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A Social Work Perspective: Personalisation and Mental Health

A Social Work Perspective: Personalisation and Mental Health.

Siobhan Martin

by Siobhan Martin, Mental Health Social Worker/ Approved Mental Health Professional (AMHP), Peer Support and Personalisation Project, Leeds
10/02/2014

At a time of considerable change to professional roles and organisational structures, where concerns have been expressed about the lack of the distinctive part that social workers have played in the broader provision of health and social services for people with mental health problems; personalisation can and has provided a platform for change. Making personalisation work in mental health services matters because as professionals we know it is those with Mental Health problems that are the most likely to benefit from a personal budget, yet the least likely to get one.

Mental Health is often viewed as one of the more challenging areas for Personalisation, where we as professionals have to challenge ourselves and make no assumptions as to what will or will not work based on an individual’s diagnosis and history. One of the challenges for Mental Health Services is moving beyond recognising individuals as the ‘patient’ and seeing people within their whole social contact as a parent, sibling, carer, employee, employer; it is recognising them within their social context which will strengthen the possibility of recovery (Duffy, 2010). When we talk about recovery we are not talking about recovering from an illness but supporting people to identify and reach their goals. Perhaps it is the strong link between Recovery and Personalisation which sees self-directed support deliver such good outcomes for those with mental health problems.

We have been working this year on a project which aims to increase the numbers of individuals in receipt of a personal budget in mental health services in Leeds. We have been able to reinforce the belief that self-directed support dramatically improves lives of those with even the most complex mental health problems. Where other more ‘traditional’ services have not worked, self-directed support has offered an exciting opportunity for taking control and having choice to source flexible and responsive support.

Choice is key when talking about ‘personalisation’, how then do we extend real choice to individuals who experience mental distress? We have piloted the use of an electronic noticeboard in Leeds which enables social workers to develop an advert with the individual which is electronically advertised to providers in Leeds (Leeds Directory 2014). This opens up the market to a broad range of providers including smaller providers and maximises the service user’s choice in how their support is delivered. The development of the market is key in being able to offer real choice to individuals. Whilst we acknowledge wider commissioning work is required to address contractual barriers to personalisation, we would like to see the market being nurtured and developed to enable great choice and quality of providers available.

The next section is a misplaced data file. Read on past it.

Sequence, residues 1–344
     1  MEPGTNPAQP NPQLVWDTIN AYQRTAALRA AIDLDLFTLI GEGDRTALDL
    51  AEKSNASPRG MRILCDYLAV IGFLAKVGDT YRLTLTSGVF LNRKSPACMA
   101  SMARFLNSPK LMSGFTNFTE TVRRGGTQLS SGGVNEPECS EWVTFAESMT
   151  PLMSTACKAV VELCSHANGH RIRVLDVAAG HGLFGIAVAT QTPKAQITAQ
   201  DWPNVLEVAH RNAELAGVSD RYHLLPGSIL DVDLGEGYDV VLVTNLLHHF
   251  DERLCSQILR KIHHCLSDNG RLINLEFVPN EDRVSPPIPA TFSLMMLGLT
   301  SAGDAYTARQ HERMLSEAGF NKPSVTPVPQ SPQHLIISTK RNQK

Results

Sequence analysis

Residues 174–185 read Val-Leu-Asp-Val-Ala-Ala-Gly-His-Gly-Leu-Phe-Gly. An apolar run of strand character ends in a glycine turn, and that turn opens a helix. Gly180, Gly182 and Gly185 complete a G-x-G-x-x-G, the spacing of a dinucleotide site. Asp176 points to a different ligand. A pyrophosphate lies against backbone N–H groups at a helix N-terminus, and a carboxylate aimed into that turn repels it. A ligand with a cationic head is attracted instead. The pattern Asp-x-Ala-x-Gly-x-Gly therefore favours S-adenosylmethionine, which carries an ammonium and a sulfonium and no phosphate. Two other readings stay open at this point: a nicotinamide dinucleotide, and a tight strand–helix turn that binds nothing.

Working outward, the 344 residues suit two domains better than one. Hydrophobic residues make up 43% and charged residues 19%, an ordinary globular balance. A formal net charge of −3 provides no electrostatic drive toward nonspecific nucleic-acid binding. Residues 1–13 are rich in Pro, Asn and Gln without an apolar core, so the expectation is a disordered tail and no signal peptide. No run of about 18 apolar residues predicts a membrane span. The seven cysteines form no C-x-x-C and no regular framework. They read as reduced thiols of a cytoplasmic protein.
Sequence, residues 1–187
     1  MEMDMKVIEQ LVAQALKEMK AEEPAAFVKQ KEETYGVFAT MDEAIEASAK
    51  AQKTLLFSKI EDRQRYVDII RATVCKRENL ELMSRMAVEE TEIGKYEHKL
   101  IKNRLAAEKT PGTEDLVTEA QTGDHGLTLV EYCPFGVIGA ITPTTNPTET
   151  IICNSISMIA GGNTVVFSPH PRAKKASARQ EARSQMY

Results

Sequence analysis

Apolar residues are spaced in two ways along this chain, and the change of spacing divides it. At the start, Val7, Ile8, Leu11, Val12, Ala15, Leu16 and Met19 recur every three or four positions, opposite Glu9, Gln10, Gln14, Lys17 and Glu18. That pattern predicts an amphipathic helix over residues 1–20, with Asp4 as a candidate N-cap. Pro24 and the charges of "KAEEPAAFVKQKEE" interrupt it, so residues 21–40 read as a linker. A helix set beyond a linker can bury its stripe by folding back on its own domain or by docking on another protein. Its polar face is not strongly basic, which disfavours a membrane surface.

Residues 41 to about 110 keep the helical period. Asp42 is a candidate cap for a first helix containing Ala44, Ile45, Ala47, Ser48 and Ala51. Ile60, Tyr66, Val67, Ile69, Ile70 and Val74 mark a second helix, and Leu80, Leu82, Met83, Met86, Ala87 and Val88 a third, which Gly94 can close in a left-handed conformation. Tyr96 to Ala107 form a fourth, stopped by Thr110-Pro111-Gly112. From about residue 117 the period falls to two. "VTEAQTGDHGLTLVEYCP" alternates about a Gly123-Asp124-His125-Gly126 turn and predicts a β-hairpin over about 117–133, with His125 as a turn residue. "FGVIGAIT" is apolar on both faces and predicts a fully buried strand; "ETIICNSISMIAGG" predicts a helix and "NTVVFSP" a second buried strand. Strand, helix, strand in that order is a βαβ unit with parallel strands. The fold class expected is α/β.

Another key challenge to Personalisation in mental health services is the difficult distinction between ‘health’ and ‘social care’ needs; one of which we feel sure the individuals we work with do not (would not) make themselves. We need to work towards true integrated assessment, support planning and review to avoid duplication which is not only expensive but not helpful for the individuals we support. With personal health budgets and possible mixed budgets on the horizon it is imperative we get this right. We need personalised systems that work together to support an individual’s wellbeing as one whole entity.

Whilst working on the project the feedback we have received from health and voluntary sector colleagues is the power in sharing individual’s stories. When thinking about the future of personalisation this has to be at the forefront of any agenda, and we must maximise opportunities for individuals to share their experiences.

One individual in receipt of a PB tells us,

“My life with Self Directed Support… I can see the light at the end of the tunnel and I’m slowly and carefully reaching out for it and I’m not going to let go… My life after Self Directed Support hopefully… friends, freedom and most of all a future!”…

Another lady explains,

“There has been a seismic shift in how I view myself and what I believe I can achieve”.

We hope that the next stage of personalisation sees the development of integrated systems which work together to support individuals and embeds personalisation in health. At this time of organisational and professional change across health and social care we believe personalisation challenges professionals to move away from being seen as the ‘expert’ and move towards facilitation and empowerment; values which sit firmly within the social work value base. We look forward to seeing a significant development of the market place, ‘choice’ continuing to be central to the process of self-directed support and true integration between health and social care. Central to all of this is true integrated coproduction with the people who use our services.

This was originally blogged at Think Local Act Personal,  click here for access to the TLAP blog  Thank you for agreeing to share with Planning Care Network

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